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Waiting for the energy review

by mel starrs on July 8, 2006

in Uncategorized


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©copyright 2004 UKAgriculture.com

The government’s energy review will be published next week. The Independent has the following comment on the proposed proportions of renewable energy sources:

They (Adas, analysts from Wolverhampton) have calculated that 3 per cent of all land in Britain, almost
7,000 sq km, will have to be filled with wind farms, and about 15,200
sq km given over to “biomass” crops. This implies that thousands of
acres of what are now corn fields, orchards or unused wetlands could be
transformed in the next few years into tightly packed fields of willow
trees or elephant grass. The acreage of bright yellow rape seed, used
to produce biodiesel, may also have to triple, from around 300,000
hectares to a million hectares.

However, a large field packed with coarse, woody grass over 12 feet
high may be a good way to fuel a power station but it is not everyone’s
idea of a beautiful sight. Elephant grass and coppice willow also need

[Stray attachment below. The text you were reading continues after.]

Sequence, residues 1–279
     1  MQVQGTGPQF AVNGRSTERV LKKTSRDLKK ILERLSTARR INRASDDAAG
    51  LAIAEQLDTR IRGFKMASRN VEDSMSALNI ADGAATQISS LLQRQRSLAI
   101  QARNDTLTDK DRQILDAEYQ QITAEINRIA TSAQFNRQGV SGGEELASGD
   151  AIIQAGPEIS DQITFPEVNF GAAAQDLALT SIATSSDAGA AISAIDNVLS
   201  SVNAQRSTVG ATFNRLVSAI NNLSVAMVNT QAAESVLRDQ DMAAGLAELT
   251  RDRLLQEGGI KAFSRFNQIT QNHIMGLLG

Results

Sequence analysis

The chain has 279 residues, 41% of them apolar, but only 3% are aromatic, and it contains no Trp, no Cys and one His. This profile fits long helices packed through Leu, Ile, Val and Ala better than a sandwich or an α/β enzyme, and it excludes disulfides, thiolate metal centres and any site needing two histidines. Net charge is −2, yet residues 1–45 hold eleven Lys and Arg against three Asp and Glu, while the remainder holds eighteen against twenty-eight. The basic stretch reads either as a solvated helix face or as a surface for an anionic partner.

a great deal of water.

The point about water required is worth remembering. Even if we do manage to get the world’s carbon dependence under control, we have to remember that there are finite resources available to us, and water is the one of the most important. Some scary irrigation facts from around the world:

More than 60 percent of the water used in the world each year is diverted
for irrigating crops. Egypt, which must irrigate all its crops, uses more
than five times as much water per capita as Switzerland. In Asia, which
has two thirds of the world’s irrigated land, 85 percent of water
goes for irrigation. A worldwide doubling in the area under irrigation
to more than 260 million hectares underpinned the “green revolution”
that kept the world fed in the late 20th century. Almost 40 percent of
the global food harvest now comes from the 17 percent of the world’s
croplands that are made productive in this way.

In some countries there is an increasing reliance on pumping underground water,often at rates that rainfall cannot replenish. Libya, for instance, by pumping”fossil” water from deep beneath the Sahara desert, uses seven times more water annually for irrigation than it receives in rainfall. India is pumping water at twice the recharge rate, causing some water tables to fall by between 1 and 3 meters a year. The country’s grain production could fall by 25 percent if it gave up groundwater “mining”.

via:: American Association for the Advancement of Science Atlas of Population & Environment
Another example of the importance of ‘joined-up thinking’ in addressing sustainability issues.

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